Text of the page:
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Five Days, Five Solutions (Part 1)

Yesterday, the 2015 version of 5 Days for the Homeless kicked off at the University of Regina. For five days, five students will sleep and live outside in an attempt to stimulate conversations about homelessness in our community and to raise valuable funds. At Carmichael, we have been the recipients of these funds since 5 Days for the Homeless began. We wanted to supplement the fundraising efforts at the University by offering a series of blogs titled, “Five Days, Five Solutions” in an effort to have a broader conversation about what the event is truly focused on.

It is important for us to note that we do not believe that this event represents a picture of homelessness. One cannot replicate the experiences faced by those who weather a night at -40 in a parkade, or face the vitriol and scorn that comes with stigmatization of “street life”. We are reminded daily, through the experiences of our many friends at Carmichael, that homelessness is more than a five day issue, and that the complexities rooted in social policy, social inclusion, our province’s history, addictions, mental illness, and the effects of extreme poverty cannot all be addressed in one neat, five day window. We are also aware that most of us working at Carmichael come from a place of privilege where we can’t possibly understand the emotional, psychological, and physical experiences of wondering where our next meal will come from, or where we will sleep at night. For us, and the group of students who organize this event, it is not about the five students sleeping outside. It is about using their visual presence to invite our city to come together and end homelessness in our community.

At Carmichael Outreach, our work is two-fold. We work within our community to facilitate services that the community expresses they need, and we work with policy makers of various levels to generate effective social policy. We are guided by two key principles – respect and dignity. They are the map and the framework for everything that we do on a day-to-day basis. We are adamant that those asking for our service do not need to prove their poverty, and personal information (identification, financial information) remains in the control of those accessing our service. We believe that we overcome community and individual challenges together as a community, and having relationships of trust with the many members of our community that we serve is perhaps our most important value.

Two areas of our center that exemplify this value are our Food Security and Nutrition Program, and our free clothing boutique. Last year, we served 53,689 meals to members of our community in need, and an additional 30 individuals participated in our nutrition program. These programs are dedicated to providing food to those who cannot otherwise afford it at a time where they cannot get a hot meal elsewhere. Additionally, we seek to provide healthy, fresh ways to prepare food within the constraints of a tight budget. In both elements of programming, we work to make sure that each person in our community is able to have food in their belly and options for preparing food within their budget. It’s not perfect and we certainly cannot meet everyone’s needs, but we work to the best of our ability and the limits of our budget.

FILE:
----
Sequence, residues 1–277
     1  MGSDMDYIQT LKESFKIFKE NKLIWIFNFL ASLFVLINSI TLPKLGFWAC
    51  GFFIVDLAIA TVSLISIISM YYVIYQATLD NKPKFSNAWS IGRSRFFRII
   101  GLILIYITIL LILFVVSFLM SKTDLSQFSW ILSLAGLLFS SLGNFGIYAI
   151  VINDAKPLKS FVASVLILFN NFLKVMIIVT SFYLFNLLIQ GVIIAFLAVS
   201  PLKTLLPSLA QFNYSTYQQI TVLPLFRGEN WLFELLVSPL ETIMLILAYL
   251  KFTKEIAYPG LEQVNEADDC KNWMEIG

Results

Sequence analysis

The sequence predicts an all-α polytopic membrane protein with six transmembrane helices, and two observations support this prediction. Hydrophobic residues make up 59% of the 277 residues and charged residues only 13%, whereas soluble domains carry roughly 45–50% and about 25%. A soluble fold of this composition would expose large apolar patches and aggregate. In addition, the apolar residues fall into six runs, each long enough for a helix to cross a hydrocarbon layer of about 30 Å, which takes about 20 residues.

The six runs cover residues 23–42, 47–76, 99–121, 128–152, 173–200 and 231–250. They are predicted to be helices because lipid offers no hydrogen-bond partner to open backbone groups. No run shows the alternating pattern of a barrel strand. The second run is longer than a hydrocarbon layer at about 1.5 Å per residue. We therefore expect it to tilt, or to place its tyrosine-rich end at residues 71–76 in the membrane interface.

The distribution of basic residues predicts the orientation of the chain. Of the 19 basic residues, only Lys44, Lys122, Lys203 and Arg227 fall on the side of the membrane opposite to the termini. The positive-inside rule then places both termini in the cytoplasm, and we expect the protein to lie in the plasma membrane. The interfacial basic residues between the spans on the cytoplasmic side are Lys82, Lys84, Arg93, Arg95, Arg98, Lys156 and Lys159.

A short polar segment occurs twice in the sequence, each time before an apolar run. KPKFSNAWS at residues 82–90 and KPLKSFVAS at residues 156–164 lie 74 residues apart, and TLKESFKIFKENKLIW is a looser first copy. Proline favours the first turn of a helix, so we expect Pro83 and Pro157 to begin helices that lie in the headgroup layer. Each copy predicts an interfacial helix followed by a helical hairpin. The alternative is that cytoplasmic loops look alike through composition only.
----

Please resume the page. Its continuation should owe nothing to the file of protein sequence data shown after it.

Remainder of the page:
Our free clothing boutique offers much more than clothing. Imagine moving into a new home after living in shelter, couch surfing, or living on the street. You have no clothes to call your own, no shower curtain, no dishes for eating or preparing food, or really anything else we easily take for granted – this is where our clothing boutique comes in. We receive donations from the community, organize those donations and make sure they are in good condition. Donations are then placed in the boutique where people acquiring housing, needing new clothes or shoes, or looking for kids toys or books are able to access those and many other items free of charge. These programs are accessed by newcomers to Canada, single parent families, young mothers and their babies, seniors on fixed income, and members of our community experiencing addictions and mental illness.

For day one, we offer solution number one to overcoming systemic poverty and homelessness in our community. We must treat members afflicted by these socio-economic circumstances with the same respect and dignity we want to be treated with. By providing necessary base-level services with no barriers and limited requirements, we recognize the empowerment and resiliency that many in our community have while hoping to provide small opportunities to reduce expenditures while still accessing basic necessities. We believe that this is necessary in order to de-stigmatize the experiences of homelessness and poverty within our community by acknowledging that different circumstances can lead to different outcomes. This de-stigmatization will enable us to implement collective solutions to ending poverty and homelessness and to remove barriers for the individuals in poverty who are looking to end poverty and homelessness for themselves.

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